Adsorption and desorption of self-assembled L-cysteine monolayers on nanoporous gold monitored by in situ resistometry

Research output: Contribution to journalArticleResearchpeer-review

Abstract

Surface modifications of nanoporous metals have become a highly attractive research field as they exhibit great potential for various applications, especially in biotechnology. Using self-assembled monolayers is one of the most promising approaches to modify a gold surface. However, only few techniques are capable of characterizing the formation of these monolayers on porous substrates. Here, we present a method to in situ monitor the adsorption and desorption of self-assembled monolayers on nanoporous gold by resistometry, using cysteine as example. During the adsorption an overall relative change in resistance of 18% is detected, which occurs in three distinct stages. First, the cysteine molecules are adsorbed on the outer surface. In the second stage, they are adsorbed on the internal surfaces and in the last stage the reordering accompanied by additional adsorption takes place. The successful binding of ysteine on the Au surface was confirmed by cyclic voltammetry, which showed a significant decrease of the double-layer capacitance. Also, the electrochemically controlled desorption of cysteine was monitored by concomitant in situ resistometry.
From the desorption peak related to the (111) surface of the structure, which is associated with a resistance change of 4.8%, an initial surface coverage of 0.48 monolayers of cysteine could be estimated.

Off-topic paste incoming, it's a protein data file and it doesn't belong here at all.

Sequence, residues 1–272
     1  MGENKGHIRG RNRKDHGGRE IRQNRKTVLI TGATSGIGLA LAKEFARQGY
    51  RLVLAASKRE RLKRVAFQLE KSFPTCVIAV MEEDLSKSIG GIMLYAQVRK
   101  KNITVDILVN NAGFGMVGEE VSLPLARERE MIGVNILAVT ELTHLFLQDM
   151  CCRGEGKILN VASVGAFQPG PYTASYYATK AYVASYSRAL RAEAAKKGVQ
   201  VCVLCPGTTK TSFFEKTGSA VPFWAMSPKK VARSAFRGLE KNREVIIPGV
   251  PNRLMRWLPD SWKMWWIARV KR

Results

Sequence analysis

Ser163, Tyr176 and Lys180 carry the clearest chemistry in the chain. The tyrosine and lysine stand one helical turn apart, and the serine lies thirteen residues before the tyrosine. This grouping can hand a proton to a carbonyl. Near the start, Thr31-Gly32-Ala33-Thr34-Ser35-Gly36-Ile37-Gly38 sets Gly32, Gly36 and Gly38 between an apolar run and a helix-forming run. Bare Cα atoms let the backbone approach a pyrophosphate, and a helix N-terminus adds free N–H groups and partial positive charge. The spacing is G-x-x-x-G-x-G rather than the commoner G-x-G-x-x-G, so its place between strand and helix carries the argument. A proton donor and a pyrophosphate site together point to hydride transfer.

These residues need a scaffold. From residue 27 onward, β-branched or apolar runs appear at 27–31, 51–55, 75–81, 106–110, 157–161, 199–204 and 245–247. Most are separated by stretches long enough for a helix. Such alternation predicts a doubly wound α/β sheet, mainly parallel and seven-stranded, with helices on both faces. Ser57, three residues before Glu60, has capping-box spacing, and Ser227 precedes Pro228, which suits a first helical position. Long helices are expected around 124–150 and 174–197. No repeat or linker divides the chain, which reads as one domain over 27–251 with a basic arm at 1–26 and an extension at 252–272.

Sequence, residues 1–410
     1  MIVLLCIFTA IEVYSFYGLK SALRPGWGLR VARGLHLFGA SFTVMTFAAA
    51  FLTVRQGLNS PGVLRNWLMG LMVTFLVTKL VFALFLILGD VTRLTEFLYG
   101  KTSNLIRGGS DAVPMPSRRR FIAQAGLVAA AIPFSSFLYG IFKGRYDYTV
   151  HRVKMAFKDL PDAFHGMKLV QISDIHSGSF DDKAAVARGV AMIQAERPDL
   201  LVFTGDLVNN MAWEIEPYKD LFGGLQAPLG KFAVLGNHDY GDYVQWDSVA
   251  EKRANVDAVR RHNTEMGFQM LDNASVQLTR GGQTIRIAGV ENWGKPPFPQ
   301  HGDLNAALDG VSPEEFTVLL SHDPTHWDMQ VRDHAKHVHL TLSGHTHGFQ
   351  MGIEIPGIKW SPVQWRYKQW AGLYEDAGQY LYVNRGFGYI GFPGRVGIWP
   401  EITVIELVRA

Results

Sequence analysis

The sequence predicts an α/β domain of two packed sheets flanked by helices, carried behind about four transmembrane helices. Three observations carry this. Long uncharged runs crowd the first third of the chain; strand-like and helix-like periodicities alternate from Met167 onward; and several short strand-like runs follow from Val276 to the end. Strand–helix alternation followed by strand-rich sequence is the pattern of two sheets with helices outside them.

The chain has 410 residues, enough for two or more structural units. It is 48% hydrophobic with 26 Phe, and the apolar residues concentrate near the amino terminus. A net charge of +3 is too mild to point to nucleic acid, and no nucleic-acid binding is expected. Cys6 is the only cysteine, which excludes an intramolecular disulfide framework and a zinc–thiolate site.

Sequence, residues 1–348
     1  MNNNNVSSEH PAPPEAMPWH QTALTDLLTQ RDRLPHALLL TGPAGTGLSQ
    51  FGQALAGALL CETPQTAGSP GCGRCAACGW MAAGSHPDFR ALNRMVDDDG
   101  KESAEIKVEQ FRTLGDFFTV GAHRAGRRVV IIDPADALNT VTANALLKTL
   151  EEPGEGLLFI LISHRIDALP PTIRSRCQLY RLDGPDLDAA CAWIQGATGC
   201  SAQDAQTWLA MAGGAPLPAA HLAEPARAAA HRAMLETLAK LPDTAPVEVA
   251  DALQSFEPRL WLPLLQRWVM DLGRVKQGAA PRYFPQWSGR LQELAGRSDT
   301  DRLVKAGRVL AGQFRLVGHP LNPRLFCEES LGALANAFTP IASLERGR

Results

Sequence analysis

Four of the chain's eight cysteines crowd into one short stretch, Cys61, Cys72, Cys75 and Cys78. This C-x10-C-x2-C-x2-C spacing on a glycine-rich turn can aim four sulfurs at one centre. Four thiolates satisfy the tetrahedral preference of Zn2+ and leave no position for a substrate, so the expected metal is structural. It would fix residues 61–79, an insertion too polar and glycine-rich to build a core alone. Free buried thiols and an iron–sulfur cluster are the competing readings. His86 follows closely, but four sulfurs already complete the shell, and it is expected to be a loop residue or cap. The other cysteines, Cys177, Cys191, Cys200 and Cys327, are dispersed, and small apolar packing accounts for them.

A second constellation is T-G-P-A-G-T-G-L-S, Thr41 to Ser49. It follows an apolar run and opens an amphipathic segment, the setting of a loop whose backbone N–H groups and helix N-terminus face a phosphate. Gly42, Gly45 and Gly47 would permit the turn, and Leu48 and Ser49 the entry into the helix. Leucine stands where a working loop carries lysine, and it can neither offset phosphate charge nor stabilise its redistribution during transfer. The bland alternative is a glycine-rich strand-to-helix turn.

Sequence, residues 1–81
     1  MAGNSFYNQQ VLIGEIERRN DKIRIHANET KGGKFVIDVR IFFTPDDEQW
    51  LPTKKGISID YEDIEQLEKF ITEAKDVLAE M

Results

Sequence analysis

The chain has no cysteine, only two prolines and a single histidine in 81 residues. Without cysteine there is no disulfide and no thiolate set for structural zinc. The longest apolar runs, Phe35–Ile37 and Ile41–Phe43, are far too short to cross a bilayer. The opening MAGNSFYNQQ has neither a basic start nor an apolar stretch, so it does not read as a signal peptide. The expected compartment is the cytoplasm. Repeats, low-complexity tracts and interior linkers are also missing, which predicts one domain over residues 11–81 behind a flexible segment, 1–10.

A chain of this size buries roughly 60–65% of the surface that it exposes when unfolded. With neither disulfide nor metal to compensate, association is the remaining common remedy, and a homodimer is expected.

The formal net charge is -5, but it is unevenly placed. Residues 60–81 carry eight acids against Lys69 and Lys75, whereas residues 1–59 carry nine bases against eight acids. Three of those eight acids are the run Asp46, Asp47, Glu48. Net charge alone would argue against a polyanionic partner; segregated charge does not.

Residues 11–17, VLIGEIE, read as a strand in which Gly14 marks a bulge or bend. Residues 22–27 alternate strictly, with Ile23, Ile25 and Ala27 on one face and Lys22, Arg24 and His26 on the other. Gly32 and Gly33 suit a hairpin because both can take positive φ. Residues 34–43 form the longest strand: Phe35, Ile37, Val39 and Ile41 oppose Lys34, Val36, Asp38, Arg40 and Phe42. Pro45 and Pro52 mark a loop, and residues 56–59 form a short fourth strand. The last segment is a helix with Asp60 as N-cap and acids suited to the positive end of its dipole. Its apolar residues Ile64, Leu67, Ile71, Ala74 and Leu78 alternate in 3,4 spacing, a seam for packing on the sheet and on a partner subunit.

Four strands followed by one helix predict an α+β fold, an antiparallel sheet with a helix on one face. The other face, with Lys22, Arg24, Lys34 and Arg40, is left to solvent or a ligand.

Original languageEnglish
Pages (from-to)2275-2279
Number of pages5
JournalBeilstein Journal of Nanotechnology
Volume10
DOIs
Publication statusPublished - 18 Nov 2019

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cysteine
Gold
Cysteine
Monolayers
Desorption
desorption
gold
Adsorption
adsorption
Self assembled monolayers
Biotechnology
biotechnology
Cyclic voltammetry
Surface treatment
Capacitance
Metals
capacitance
Molecules
Substrates
metals

Keywords

  • nanoporous materials
  • self assembled monolayers

Fields of Expertise

  • Advanced Materials Science

Cite this

Adsorption and desorption of self-assembled L-cysteine monolayers on nanoporous gold monitored by in situ resistometry. / Hengge, Elisabeth; Steyskal, Eva-Maria; Bachler, Rupert; Dennig, Alexander; Nidetzky, Bernd; Würschum, Roland.

In: Beilstein Journal of Nanotechnology , Vol. 10, 18.11.2019, p. 2275-2279.

Research output: Contribution to journalArticleResearchpeer-review

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abstract = "Surface modifications of nanoporous metals have become a highly attractive research field as they exhibit great potential for various applications, especially in biotechnology. Using self-assembled monolayers is one of the most promising approaches to modify a gold surface. However, only few techniques are capable of characterizing the formation of these monolayers on porous substrates. Here, we present a method to in situ monitor the adsorption and desorption of self-assembled monolayers on nanoporous gold by resistometry, using cysteine as example. During the adsorption an overall relative change in resistance of 18{\%} is detected, which occurs in three distinct stages. First, the cysteine molecules are adsorbed on the outer surface. In the second stage, they are adsorbed on the internal surfaces and in the last stage the reordering accompanied by additional adsorption takes place. The successful binding of ysteine on the Au surface was confirmed by cyclic voltammetry, which showed a significant decrease of the double-layer capacitance. Also, the electrochemically controlled desorption of cysteine was monitored by concomitant in situ resistometry.From the desorption peak related to the (111) surface of the structure, which is associated with a resistance change of 4.8{\%}, an initial surface coverage of 0.48 monolayers of cysteine could be estimated.",